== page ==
Mandatory arbitration has long been sought by cops for a simple reason:
They come before a city council or board of supervisors and make an outrageous salary or benefit demand. The officials come back with a reasonable offer, but then the union can sit it out knowing that the impasse will go before an arbitrator.
The arbitrator will no doubt split the difference, which means a recipe for never-ending salary and benefit increases. There's no way any council or board will be unanimous in overturning the decision of the arbitrator. Cops are notoriously ham-fisted in their dealings with elected officials. Vote against them and they will seek your ouster. They will bluster, bully, and tell the public you are a foe of law enforcement.
Even conservatives can't say no.
This week in Orange County, two supervisors tried — but failed — to mandate a simple audit of the publicly-funded health-care plan for sheriff's deputies. The county was negotiating a new contract and wanted to know how the union-controlled health dollars were being used before adding more contributions. These are public dollars, after all.
This did not pass a completely Republican-controlled board. Two board members who refused to support the audit are generally considered to be conservatives. But the filing period is still open for the races they are entering, and they know better than to confront the sheriff's union, which has made veiled and not-so-veiled political threats against anyone who dares to call for accountability.
Imagine how much harder it would be to stand up to these public-safety thugs in a county or city with a less-conservative majority. Or on a tougher issue. Not a chance that an arbitrator's ruling will be overturned. Many cities are directly controlled by these unions anyway.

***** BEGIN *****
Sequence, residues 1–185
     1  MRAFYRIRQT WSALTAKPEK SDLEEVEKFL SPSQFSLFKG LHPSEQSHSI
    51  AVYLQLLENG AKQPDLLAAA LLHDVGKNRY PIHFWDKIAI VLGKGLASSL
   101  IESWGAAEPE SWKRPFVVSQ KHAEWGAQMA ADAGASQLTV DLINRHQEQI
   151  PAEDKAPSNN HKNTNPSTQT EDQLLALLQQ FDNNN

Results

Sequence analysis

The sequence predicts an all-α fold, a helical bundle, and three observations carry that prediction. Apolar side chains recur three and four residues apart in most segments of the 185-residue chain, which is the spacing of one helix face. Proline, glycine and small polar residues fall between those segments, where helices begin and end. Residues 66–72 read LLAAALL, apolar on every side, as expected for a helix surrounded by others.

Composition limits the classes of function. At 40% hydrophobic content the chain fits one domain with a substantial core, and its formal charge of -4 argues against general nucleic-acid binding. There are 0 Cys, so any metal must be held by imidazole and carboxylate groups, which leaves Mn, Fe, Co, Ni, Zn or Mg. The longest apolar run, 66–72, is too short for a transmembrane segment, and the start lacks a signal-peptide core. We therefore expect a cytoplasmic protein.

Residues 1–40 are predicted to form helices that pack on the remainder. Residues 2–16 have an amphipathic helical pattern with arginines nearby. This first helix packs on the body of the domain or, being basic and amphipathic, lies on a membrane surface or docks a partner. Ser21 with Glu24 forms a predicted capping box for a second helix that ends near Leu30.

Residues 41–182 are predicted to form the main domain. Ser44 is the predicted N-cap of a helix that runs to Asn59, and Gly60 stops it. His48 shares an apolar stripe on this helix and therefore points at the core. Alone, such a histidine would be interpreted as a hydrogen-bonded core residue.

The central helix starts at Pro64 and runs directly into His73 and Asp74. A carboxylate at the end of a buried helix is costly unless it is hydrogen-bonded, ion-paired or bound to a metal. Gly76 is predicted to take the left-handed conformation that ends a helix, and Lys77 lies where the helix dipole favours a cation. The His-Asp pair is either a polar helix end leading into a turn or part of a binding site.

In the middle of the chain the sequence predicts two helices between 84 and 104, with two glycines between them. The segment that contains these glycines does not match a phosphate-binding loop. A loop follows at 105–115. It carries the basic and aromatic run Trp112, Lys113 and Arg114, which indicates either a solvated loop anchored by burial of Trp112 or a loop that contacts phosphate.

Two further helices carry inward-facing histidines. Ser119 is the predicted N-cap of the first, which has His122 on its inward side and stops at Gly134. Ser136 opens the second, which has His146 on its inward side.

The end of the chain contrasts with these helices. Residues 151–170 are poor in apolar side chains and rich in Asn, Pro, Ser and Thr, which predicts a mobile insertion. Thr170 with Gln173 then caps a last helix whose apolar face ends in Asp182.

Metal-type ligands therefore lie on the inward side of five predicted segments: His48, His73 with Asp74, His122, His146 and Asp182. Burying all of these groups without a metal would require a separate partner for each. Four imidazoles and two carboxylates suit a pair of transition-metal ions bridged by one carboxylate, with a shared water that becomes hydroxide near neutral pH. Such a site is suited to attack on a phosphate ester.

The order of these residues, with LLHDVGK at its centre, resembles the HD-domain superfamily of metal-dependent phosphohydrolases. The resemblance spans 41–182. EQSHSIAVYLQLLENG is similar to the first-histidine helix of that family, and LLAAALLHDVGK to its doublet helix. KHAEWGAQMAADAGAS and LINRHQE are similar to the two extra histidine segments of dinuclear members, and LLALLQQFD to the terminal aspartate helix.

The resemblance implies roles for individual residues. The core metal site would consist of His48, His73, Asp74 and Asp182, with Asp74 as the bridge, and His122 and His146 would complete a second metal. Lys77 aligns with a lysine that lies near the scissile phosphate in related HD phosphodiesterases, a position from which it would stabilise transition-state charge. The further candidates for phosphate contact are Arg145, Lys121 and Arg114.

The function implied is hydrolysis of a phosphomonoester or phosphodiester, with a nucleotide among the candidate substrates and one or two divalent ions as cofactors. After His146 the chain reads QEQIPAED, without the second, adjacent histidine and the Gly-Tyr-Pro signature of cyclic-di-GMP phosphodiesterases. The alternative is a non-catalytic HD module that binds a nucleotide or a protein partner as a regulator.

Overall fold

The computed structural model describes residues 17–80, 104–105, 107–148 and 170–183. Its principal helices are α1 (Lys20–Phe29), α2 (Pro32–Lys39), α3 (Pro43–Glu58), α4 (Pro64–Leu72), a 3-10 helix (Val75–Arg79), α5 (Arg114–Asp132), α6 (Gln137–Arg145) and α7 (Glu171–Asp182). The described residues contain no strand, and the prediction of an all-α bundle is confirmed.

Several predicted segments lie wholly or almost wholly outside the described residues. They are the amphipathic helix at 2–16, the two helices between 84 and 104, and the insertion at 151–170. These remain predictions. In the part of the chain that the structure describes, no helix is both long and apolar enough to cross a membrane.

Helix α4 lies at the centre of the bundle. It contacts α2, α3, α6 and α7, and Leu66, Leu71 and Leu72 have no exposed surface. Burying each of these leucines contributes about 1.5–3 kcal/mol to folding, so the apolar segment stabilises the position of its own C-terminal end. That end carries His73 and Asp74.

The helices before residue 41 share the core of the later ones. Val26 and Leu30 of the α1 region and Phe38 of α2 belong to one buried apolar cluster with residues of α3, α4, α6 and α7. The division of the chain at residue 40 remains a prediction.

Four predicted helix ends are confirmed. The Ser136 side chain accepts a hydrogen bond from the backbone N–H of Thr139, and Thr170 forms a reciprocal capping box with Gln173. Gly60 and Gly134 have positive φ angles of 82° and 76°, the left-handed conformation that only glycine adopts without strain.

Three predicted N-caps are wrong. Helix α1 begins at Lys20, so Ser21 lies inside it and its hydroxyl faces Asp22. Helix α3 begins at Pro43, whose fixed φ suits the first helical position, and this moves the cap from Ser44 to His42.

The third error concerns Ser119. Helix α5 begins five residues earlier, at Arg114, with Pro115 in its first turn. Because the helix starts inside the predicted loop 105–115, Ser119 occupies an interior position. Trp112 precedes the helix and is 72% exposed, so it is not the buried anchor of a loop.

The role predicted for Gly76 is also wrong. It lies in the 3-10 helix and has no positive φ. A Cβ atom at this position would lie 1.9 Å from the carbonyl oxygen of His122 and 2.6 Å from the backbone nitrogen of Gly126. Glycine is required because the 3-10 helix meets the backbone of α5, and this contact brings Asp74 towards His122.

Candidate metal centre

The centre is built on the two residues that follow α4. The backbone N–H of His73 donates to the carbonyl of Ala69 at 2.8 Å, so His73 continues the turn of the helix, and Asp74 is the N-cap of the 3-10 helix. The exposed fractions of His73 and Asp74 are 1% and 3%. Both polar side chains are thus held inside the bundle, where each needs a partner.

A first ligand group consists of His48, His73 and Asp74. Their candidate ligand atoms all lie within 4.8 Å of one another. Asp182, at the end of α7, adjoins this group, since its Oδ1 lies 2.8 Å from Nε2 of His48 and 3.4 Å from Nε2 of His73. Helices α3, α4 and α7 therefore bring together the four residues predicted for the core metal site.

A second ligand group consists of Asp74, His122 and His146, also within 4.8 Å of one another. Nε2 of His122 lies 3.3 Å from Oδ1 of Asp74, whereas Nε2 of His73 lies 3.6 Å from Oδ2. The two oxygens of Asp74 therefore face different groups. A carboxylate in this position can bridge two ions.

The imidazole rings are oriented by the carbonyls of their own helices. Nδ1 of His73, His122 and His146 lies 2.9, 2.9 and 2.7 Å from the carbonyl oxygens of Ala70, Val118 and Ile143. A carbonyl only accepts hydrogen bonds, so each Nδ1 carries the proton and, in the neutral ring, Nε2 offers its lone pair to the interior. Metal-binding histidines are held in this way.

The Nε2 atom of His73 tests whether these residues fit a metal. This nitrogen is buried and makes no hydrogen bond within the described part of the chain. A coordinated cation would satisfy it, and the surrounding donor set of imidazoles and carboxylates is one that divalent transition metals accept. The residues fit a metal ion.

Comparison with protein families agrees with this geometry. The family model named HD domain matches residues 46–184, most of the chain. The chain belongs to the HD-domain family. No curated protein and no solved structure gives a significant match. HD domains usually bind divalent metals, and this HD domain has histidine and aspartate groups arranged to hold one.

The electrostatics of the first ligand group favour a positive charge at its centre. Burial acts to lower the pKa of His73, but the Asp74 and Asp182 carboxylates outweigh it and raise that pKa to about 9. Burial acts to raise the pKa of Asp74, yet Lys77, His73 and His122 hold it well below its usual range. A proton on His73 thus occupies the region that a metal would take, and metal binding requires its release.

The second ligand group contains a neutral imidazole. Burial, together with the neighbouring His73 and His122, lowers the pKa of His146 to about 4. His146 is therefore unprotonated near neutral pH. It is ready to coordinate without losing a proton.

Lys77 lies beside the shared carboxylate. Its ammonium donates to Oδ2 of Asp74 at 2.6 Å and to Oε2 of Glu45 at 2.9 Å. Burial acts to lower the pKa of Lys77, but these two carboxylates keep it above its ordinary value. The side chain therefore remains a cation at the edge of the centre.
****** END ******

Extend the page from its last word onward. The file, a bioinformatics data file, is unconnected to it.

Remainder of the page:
Police and firefighters endorse the candidates that are good on "public safety issues," but really they only support those candidates who agree to allow them to plunder the treasury.
Local cities are notorious at wasting money. And it is entertaining watching the interests of two government groups collide. But as always the taxpayer gets stuck with the tab.
I've had enough of this. Firefighters and police are bullies. They do a job that isn't all that dangerous, despite their ceaseless whining and PR. They are paid excessively and receive excessive retirement benefits.
In my recent column I compared firefighters to my roofer. Actually, there is no moral equivalence. My roofer does the job without whining or complaining. He does the job without constantly trying to renegotiate the price. He does the job without trying to rob me, or make me feel guilty, or without threatening to take action against me if I don't do things his way. He doesn't use his risk or any tragedies to boost the price he charges me.
Which one seems more heroic in your eyes?
November 1, 2003
Steven Greenhut (send him mail) is a senior editorial writer and columnist for the Orange County Register.
Copyright © 2003 LewRockwell.com